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Plaintiff - Appellee,



Defendant - Appellant.

No. 02-4153

D.C. No. 2:01-CV-704-S and 2:97-CR-226-W

(D. Utah)


Before KELLY, McKAY, and MURPHY, Circuit Judges.

After examining the briefs and appellate record, this panel has determined unanimously that oral argument would not materially assist the determination of this appeal. See Fed. R. App. P. 34(a)(2); 10th Cir. R. 34.1(G). The case is therefore ordered submitted without oral argument.

Petitioner, David Jay Hess, seeks a certificate of appealability ("COA") so he can appeal the district court's denial of the motion to vacate, set aside, or correct sentence he brought pursuant to 28 U.S.C. § 2255. See 28 U.S.C. § 2253(c)(1)(B) (providing that a petitioner may not appeal the denial of a § 2255 motion unless the petitioner first obtains a COA). Hess pleaded guilty to one count of mailing threatening communications in violation of 18 U.S.C. § 876. On April 29, 2000, an amended judgment and conviction was issued by the district court. Hess did not did not seek to withdraw his guilty plea or otherwise pursue a direct appeal. The instant § 2255 motion was filed on September 11, 2001. In the motion, Hess asserted a claim that his counsel provided constitutionally ineffective assistance thereby rendering his guilty plea unknowing and involuntary.(1)

Respondent moved to dismiss Hess' § 2255 motion as untimely. The district court granted the motion, concluding that the motion was filed outside the one-year limitation period set forth in 28 U.S.C. § 2255. The court also concluded that Hess had failed to diligently pursue his claims and failed to demonstrate that his failure to file a timely § 2255 motion was caused by extraordinary circumstances beyond his control. See Marsh v. Soares, 223 F.3d 1217, 1220 (10th Cir. 2000).

In his appellate brief, Hess argues that the factual predicate of the claims he presented in his § 2255 motion were not "discovered through the exercise of due diligence," until April 2001, when he retained an attorney who advised him of the immigration consequences of his guilty plea. 28 U.S.C. § 2255(4). The district court noted, however, that Hess does not dispute that on April 7, 2000 he was served by the Immigration and Naturalization Service with a Notice to Appear. That notice informed Hess that he was removable from the United States because of his conviction. Hess' additional argument that he did not waive the right to challenge his guilty plea in a § 2255 motion because the ineffectiveness of his counsel rendered his plea unknowing and involuntary is irrelevant to the equitable tolling issue. To the extent Hess' brief could be read to contain an assertion that this court must always address ineffective assistance of counsel claims, even when those claims are raised in an untimely § 2255 motion, that assertion is incorrect and constitutes a misunderstanding of our holding in United States v. Cockerham, 237 F.3d 1179, 1187-91 (10th Cir. 2001).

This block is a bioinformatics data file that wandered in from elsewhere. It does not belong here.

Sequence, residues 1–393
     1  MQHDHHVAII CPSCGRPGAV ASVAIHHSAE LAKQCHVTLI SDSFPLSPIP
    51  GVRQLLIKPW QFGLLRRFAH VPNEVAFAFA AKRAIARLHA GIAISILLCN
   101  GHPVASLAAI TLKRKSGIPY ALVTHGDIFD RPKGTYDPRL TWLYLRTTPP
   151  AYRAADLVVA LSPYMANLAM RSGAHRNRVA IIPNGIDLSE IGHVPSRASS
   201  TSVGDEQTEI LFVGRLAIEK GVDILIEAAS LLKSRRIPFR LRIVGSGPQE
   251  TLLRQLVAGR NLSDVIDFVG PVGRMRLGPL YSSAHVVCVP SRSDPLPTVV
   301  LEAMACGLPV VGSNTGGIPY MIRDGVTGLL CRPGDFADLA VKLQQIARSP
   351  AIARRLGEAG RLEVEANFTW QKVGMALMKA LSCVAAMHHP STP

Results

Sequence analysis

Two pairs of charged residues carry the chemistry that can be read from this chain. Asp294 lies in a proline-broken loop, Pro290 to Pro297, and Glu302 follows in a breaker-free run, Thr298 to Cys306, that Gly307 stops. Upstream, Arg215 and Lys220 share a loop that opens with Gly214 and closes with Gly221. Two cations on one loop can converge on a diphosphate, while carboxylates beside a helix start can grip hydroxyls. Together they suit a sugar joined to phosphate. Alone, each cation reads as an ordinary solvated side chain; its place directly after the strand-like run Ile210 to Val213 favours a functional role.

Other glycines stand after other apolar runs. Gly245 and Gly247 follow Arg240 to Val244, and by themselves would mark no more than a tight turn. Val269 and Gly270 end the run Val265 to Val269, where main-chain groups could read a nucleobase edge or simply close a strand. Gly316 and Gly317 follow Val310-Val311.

To be entitled to a COA, Hess must show "that jurists of reason would find it debatable whether the district court was correct in its procedural ruling." Slack v. McDaniel, 529 U.S. 474, 484-85 (2000) (holding that when a district court dismisses a habeas petition on procedural grounds, a petitioner is entitled to a COA only if he shows both that reasonable jurists would find it debatable whether he had stated a valid constitutional claim and debatable whether the district court's procedural ruling was correct). Our review of the record clearly demonstrates that the district court's dismissal of Hess' § 2255 motion as untimely is not deserving of further proceedings or subject to a different resolution on appeal. Accordingly, we deny Hess' request for a COA and dismiss this appeal.


Michael R. Murphy

Circuit Judge

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*. This order and judgment is not binding precedent, except under the doctrines of law of the case, res judicata and collateral estoppel. The court generally disfavors the citation of orders and judgments; nevertheless, an order and judgment may be cited under the terms and conditions of 10th Cir. R. 36.3.

1.Hess' motion sought a writ of habeas corpus pursuant to both 28 U.S.C. § 2241 and § 2255. The district court dismissed the claims brought pursuant to 28 U.S.C. § 2241 for lack of jurisdiction and Hess does not challenge that ruling.

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